1
Encouragement from Indivisible
1
2021 Grassroots Reboot Recap
All posts-Previous-Next

Why Fight for Voting Rights?

Posted on June 10, 2021

Safeguard Our Democracy Gather your groups and get ready!

by Janet Nelson

It’s always important to set aside time to remember what we are fighting for as progressive organizers. 

We have all been inundated this year: with isolation, with loss, and with fear, but we are emerging and now renewing our connections to those we love, and to what we value.

It is important that we take some moments this week to remember why we are doing this work together.

We all thought that the election of President Biden and Vice President Harris would allow us to step back. We cannot. As you organize your many friends, we hope that you will share what you have learned, and encourage them to share with others. Democracy, as they say, is not a spectator sport! The more we all understand, the better we are able to invite others to join us. This is our time to grow our work!

Our country has been assaulted these past years, and these assaults have increased, so that now we are faced with perhaps the most important work of our political lives. We know you are up for this effort and we are counting on you. 

The For the People Act, introduced in the Senate on March 21 by Senator Schumer as S1, marked it as the most important bill before this House.  In doing so, Senator Schumer stated that:

“If one political party believes that when you lose an election, the answer isn’t to win more votes, but rather to try to prevent the other side from voting, then we have a serious and existential threat to our democracy”.

While S1 is more than 900 pages long, it covers three main areas: Voting and Elections; Money in Politics, and Ethics and Accountability. In summary, it addresses:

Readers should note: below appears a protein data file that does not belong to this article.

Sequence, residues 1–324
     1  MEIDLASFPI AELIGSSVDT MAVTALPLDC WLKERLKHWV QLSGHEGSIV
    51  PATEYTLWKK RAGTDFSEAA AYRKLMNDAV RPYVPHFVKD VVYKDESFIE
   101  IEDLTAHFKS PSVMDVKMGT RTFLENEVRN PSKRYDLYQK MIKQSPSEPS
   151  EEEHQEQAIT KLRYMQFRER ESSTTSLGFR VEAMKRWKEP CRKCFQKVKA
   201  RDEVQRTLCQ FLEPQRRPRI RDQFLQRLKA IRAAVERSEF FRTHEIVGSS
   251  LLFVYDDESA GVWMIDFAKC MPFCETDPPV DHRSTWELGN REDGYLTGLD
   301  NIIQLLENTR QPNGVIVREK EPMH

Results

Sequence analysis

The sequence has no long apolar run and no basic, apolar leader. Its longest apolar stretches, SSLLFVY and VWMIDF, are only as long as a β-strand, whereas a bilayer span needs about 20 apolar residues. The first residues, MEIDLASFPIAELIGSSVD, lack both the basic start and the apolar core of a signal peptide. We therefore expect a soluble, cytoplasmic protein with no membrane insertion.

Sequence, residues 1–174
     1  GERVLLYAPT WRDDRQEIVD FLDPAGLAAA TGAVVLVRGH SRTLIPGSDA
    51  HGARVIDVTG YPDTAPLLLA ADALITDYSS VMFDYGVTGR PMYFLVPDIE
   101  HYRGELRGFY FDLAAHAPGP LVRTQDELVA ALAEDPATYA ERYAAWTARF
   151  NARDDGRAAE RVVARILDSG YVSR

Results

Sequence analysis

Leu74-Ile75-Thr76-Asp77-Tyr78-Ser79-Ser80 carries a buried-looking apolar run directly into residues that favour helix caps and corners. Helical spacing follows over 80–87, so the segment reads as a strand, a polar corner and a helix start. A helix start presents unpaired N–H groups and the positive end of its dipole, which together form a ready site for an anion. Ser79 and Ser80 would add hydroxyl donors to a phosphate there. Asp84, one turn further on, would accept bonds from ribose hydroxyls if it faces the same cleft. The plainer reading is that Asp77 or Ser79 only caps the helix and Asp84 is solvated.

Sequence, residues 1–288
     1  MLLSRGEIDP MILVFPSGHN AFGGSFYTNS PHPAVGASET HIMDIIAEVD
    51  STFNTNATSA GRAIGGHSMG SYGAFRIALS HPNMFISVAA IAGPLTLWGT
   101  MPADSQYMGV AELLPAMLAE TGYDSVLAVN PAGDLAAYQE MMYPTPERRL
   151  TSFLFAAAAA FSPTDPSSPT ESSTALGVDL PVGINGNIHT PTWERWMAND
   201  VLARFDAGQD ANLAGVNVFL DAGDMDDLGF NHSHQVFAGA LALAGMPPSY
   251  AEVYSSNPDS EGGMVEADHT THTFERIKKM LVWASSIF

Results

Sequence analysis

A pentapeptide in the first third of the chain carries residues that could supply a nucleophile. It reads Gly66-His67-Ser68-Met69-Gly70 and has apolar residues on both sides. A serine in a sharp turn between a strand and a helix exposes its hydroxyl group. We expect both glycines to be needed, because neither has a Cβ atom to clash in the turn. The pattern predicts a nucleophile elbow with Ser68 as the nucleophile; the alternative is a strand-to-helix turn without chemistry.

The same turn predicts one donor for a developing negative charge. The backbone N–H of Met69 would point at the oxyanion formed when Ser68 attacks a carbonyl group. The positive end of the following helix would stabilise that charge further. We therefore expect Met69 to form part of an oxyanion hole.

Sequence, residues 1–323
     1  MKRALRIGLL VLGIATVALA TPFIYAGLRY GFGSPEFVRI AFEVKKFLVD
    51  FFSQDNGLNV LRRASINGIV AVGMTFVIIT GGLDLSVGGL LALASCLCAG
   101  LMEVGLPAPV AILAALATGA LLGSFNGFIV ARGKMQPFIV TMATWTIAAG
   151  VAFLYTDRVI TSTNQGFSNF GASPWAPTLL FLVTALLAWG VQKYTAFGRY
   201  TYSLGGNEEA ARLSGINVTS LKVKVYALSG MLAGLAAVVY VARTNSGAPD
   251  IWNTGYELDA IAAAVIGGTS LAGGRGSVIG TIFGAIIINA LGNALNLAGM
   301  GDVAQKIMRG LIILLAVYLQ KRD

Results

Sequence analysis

• Automatic voter registration, online registration, Vote By Mail, prohibiting voter purges, ending partisan gerrymandering
  • Reducing the influence of Big Money in politics
  • Slowing the revolving door between government officials and lobbyists, banning Congressional members from serving on corporate boards, and requiring presidential candidates to disclose tax returns

Since January, state legislators in 14 states have passed 22 new laws that restrict access to the vote. This week, Texas attempted to pass perhaps the most restrictive of these laws; the Democrats walked out and prevented it. This, as we remember the Tulsa Massacre of 1921, the ultimate assault. These laws are the continuation of a powerful national lobby, that goes back hundreds of years, to suppress a representative democracy.

The Republicans are not done. More restrictions on the vote will become law; 61 bills to that end are moving through 18 state legislatures. Throughout the country, 389 restrictive bills have been introduced in 48 States in this year.

 What can we do?   

A lot! Our voices are powerful when we work together.

S1 will counter these voting restrictions by imposing national guidelines that supercede state laws.

Swing Blue Alliance, in partnership with Common Cause, has launched a new initiative to target moderate Democratic senators from three key states: Maine, Nevada, and New Hampshire. While many of these Senators have voiced support of the bill, they are facing fierce opposition. We need them to know that their constituents support them. We know empirically that every phone call is logged and noted.

You have already sent postcards to Democrats in West Virginia to call Senator Manchin and to New York to Senate Majority Leader Schumer. Now, before the Senate begins to debate, and the filibuster is enacted, we need them to know that we are determined that this bill gets passed.

Schumer has announced that he will put S1 up for a vote during the last week of June. We expect that Republicans will filibuster that first vote and that this fight will continue until the end of July (and possibly into August). 

Thank you, all, for your tireless work…It is an honor to be part of this Alliance.

—  Janet Nelson is a retired clinical psychologist based in western Mass. She has worked on progressive campaigns since 1988, including serving as co-chair of the NJ Coalition to Save Darfur, 2005-2012.